Time for tea?

Another day, another Java menace: Ceylon has landed

Lucy Carey

Red Hat’s new JVM language Ceylon is fully brewed and ready to pour. We speak to creator Gavin King about the path to 1.0.

This week’s Devoxx conference in Antwerp saw the
launch of two box fresh languages: Google’s
Dart SDK 1.0
, and Red Hat’s Ceylon 1.0. From the start, many
have tipped Ceylon as a clear threat to Java’s platform (the clue
is in the name). But is it really Red Hat’s intention? Creator
Gavin King has been adamant from the earliest development stages
that the intention has always been to create something that can run
alongside Java – but designed as a language and SDK for business
computing that learns and builds on Java’s successes and failures.
We caught up with King for the full scoop on this week’s launch,
the work behind it, and what’s brewing next at Red Hat

JAX: First of all, congratulations on the
launch of Ceylon at Devoxx this week!

King: Thank you! There was certainly
a lot of buzz at the conference – that’s really nice for us.

What was the impetus behind the development of

Obviously, at the time when the language was first
conceived, I was doing a lot of work with the JCP on the Java EE
side of the platform, and had been working for several years with
certifications like EJB, and CDI, and some of the other
technologies on the platform. And, you know, especially during a
period when I was working on CDI, at some stage, I got to the point
where the incremental improvements we were making to the
programming model and to the experience of our users was – how can
I say – a sequence of diminishing returns.

The problems that I was becoming more interested in, and
which were really frustrating me more, I suppose, were things that
were more at the language level. The limitations which I was
bumping up against were things which I couldn’t solve at the
library framework level.

So it started, I guess, as a set of ideas for how could we
enable a better programming model – and, especially a better
programming model for people who were building frameworks and
libraries and more generic code. Obviously, since that time, the
concept has evolved in different ways, but I guess that’s still
very much part of it.

What were the biggest problems that you were
looking to solve with this project?

Well, one of the biggest limiting things was the fact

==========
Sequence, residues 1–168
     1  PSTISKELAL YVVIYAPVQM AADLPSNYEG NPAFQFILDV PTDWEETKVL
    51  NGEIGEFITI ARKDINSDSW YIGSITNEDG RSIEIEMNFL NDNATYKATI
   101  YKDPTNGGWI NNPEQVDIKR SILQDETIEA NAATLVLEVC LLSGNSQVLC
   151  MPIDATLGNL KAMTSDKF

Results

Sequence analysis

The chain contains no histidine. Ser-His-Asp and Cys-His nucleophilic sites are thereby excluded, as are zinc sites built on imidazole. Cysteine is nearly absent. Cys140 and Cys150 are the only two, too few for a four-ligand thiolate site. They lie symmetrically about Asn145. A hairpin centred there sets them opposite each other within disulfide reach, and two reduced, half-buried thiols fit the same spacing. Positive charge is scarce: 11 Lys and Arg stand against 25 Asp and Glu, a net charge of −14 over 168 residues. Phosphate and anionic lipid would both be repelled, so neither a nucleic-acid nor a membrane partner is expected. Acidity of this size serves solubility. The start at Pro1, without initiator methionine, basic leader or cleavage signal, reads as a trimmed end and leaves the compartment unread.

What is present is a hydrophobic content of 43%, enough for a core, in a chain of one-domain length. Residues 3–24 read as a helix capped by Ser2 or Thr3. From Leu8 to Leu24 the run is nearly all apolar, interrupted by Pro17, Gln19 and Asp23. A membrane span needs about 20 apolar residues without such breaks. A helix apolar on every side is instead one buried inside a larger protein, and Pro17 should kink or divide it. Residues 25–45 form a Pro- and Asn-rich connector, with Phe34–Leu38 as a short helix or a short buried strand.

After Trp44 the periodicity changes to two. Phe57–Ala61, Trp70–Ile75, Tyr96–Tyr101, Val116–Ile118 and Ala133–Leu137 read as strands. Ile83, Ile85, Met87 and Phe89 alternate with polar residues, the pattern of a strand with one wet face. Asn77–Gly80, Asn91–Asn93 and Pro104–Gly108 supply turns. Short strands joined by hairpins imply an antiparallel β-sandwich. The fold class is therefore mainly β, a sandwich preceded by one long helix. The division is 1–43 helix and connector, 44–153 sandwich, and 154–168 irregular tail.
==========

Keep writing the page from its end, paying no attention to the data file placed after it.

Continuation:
that, as soon as you wanted to define a user interface or some kind
of structured data set configuration, or anything like that, or
build, or anything like that, in the Java world, you had to leave
the language of Java and go and use some other language, say XML.
 And it was even worse if you were writing a user end code for
the web browser, because the whole, ‘write once, run anywhere’
thing kind of failed immediately.

Java has been enormously successful, wonderful,
fantastic language – but, the initial vision kind of failed on
arrival. And so, as soon as you wanted to bridge the gap to a web
based client, you found yourself having to leave the Java language
and write something in JavaScript or something like that. Java
applications today are composed of several languages cooperating
together, and that’s not necessarily a bad thing, but the problem
is that you lose static typing, you lose the tooling support.

Java developers like me are amazingly attached to
having great tooling, and having tools that help us maintain and
refactor and alter our code. As soon as we leave Java and start
having to work with XML or JavaScript, we really keenly feel that
loss of support from the tooling level.

Going back to the feedback that you’ve had
this week – a lot of commentators are calling Ceylon a “Java
killer.” This is something that you’ve denied in the past, but can
you see why people think this?

Well, I mean, Ceylon certainly competes with Java as a
language, obviously, and we go even further than that. Nor merely a
language, but also a set of platform libraries. And so…it’s a
competitor in some sense, but I mean, it would almost be absurdly
arrogant of me to say, “we’re going to go up and compete against
Java”, which is an amazing ecosystem of multiple technologies that
work together.

You know, I prefer to think of it as being part of the
Java ecosystem, right? Sure, we go beyond that Java ecosystem in
terms of operating also in the JavaScript environment – but you
know, we think of ourselves as part of the JVM ecosystem, along
with other languages.

For us, interoperability with other languages,
beginning with Java and JavaScript – but I hope to extend that to
interoperability with JRuby, and with Groovy – we want to be part
of that world, and work together with other technologies. I expect
that, realistically speaking, any Ceylon application is going, in
the near future, to be composed of a mixture of Java and Ceylon and
JavaScript, quite frankly.

Although you’re saying that it’s a kind of
complimentary rival, why did you decide to name it

Well, Ceylon started off as the name of a secret
project inside RedHat. It’s a play on Java, and Java is an island
in Indonesia which was a source of coffee during colonial times,
and Ceylon was another island in the Indian ocean that was a source